Ethernet is probably the most widely used means of communications in the industrial world. There, I said it. This has been a controversial subject for many engineers, and the tide has only recently turned to Ethernet as a de facto standard.
There is always a lot of discussion in the controls community about communications. The speed and reliability of communications systems has always been a weakness in the industrial controls world. The focus has always been on the reliability of the control system execution rather than the control system’s ability to communication with intelligent peripherals. I think everyone viewed it as a great goal to be able to communicate reliably between plant floor control systems with high reliability and enterprise level business systems which are not as critical at a millisecond by millisecond framework. Ethernet communications has been more than capable to meet the early needs of industry.
But typical of most industrial control users, anything that was used in the office was viewed with great suspicion by the plant floor engineers. After all, if beverage lines are running at 1,000,000 units a day, missing data communications within the control system can throw a big wrench in manufacturing. Also common for industrial users is the complaint about ruggedness and reliability. No one serious wants to trust their industrial processes to a little RJ45 connector.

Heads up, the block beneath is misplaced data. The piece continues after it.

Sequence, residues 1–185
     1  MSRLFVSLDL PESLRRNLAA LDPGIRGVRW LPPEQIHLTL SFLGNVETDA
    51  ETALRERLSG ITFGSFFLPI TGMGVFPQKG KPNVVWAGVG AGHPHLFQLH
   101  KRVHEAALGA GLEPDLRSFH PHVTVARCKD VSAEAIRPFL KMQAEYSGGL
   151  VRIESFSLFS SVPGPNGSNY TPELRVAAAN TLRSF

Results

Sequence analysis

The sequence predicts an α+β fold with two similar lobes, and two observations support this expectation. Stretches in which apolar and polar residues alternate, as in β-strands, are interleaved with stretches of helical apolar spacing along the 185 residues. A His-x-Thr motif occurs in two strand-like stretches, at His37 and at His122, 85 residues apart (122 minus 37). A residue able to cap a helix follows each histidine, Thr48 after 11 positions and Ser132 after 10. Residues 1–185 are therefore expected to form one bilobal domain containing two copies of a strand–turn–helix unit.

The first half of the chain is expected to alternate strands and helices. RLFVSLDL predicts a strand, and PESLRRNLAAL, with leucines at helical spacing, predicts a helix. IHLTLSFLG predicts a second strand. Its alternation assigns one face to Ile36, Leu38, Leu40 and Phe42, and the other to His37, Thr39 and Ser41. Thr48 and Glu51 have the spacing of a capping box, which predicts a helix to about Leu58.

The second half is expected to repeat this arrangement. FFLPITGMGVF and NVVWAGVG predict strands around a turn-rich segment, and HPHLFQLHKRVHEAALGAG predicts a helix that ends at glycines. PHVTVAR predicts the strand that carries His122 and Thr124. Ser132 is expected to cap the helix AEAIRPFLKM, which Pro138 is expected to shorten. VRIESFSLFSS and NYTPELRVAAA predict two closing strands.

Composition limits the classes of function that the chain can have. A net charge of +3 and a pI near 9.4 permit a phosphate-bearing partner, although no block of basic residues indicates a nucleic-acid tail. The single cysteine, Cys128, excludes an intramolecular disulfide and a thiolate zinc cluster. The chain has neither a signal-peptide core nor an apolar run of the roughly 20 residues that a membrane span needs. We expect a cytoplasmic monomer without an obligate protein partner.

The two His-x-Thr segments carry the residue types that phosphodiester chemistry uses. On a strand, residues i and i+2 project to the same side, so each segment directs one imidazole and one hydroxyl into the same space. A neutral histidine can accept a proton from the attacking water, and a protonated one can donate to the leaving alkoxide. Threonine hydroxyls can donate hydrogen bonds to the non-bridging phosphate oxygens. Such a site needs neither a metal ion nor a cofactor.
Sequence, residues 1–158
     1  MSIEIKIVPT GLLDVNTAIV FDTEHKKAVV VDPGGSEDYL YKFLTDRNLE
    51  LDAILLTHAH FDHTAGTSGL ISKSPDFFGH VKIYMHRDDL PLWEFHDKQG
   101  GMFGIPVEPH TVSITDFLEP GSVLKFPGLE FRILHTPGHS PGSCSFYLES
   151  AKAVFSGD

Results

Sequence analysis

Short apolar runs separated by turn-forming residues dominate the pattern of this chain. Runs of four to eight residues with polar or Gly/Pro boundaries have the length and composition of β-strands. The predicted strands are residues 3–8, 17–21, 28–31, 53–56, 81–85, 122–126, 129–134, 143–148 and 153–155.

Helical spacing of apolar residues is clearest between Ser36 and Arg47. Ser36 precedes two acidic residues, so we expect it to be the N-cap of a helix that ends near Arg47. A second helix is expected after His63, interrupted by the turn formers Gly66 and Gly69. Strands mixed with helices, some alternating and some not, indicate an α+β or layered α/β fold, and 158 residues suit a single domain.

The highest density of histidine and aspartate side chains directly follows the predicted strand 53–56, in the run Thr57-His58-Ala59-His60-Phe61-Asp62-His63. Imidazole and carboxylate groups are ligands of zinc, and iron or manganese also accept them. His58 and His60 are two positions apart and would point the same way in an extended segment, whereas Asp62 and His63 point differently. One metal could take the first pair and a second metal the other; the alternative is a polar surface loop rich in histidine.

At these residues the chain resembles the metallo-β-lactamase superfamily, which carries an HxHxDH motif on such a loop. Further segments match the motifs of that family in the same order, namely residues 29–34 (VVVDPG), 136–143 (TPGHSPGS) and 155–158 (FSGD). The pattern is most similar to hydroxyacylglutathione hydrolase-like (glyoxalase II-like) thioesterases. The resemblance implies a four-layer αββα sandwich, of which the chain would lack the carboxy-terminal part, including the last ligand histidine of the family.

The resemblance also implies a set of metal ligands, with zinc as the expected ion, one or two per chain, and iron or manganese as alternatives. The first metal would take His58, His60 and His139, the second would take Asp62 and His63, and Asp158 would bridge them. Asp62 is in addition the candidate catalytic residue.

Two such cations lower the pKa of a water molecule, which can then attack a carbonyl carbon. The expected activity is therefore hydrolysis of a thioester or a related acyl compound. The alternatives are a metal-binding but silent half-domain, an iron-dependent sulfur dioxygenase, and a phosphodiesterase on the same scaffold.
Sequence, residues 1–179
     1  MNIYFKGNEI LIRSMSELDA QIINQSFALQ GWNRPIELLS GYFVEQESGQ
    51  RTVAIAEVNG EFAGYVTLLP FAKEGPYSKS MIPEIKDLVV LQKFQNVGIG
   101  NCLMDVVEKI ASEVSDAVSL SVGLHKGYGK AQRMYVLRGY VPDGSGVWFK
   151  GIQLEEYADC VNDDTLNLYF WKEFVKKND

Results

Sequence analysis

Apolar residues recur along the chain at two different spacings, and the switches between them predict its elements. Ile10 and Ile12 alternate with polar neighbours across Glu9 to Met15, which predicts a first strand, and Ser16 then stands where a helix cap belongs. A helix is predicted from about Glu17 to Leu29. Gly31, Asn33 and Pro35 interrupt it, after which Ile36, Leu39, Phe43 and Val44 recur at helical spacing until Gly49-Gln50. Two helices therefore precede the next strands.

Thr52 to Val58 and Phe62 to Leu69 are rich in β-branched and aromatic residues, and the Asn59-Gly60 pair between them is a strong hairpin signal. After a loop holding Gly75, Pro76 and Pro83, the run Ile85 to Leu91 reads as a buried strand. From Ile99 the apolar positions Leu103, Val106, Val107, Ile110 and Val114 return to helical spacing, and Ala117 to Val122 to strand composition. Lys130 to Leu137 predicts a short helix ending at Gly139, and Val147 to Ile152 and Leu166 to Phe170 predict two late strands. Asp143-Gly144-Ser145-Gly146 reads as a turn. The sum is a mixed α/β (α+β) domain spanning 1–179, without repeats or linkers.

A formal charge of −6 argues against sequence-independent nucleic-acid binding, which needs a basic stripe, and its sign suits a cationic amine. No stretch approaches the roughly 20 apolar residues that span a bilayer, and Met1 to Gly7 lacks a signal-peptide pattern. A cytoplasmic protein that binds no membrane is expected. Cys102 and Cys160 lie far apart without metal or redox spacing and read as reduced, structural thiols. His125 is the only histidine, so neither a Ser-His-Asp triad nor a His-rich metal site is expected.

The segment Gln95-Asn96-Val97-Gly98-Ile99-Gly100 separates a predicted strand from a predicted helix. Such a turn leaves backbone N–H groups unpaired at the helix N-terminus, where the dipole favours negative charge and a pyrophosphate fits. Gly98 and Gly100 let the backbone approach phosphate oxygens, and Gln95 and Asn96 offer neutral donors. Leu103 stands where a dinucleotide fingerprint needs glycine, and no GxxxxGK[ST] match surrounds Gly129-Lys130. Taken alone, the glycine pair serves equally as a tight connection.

Industrial controls manufacturers responded with their individual networks that were engineered to perform at the highest speeds possible with the greatest reliability possible. Modbus, CAN bus, DeviceNet, ControlNet, ASI, Hart, Sercos, Firewire and many other communications technologies were developed and used to add very important functionality to the controls arena. Commonly, large controls manufacturers sought to introduce their proprietary communications hardware and software protocols in an effort to gains some advantage in the marketplace.
It’s hard to argue with a solution that you can buy at the local Radio Shack. Pick up a connector, wire and crimping tool for next to nothing and go to town. Low cost and high availability. If there was a concern about mechanical reliability, there are many suppliers like Turck and others making IP67 washdown rated protection for the physical connectors themselves.
The biggest issue facing Ethernet in the past was bandwidth, which has progressed exponentionally from megabaud to gigabaud rates. Speed alone is not a guarantee of delivery. Determinism in the network requires additional overhead that Ethernet never provided for. To meet the need for determinism several approaches have been tried with the clear winner being EtherCat from Beckhoff. National Instruments, Yaskawa, Kollmorgen and many other companies are now making EtherCat compatible products, simplifying the problem of network integration and application reliability for industrial plant users and OEMs building machinery with EtherCat as an internal network.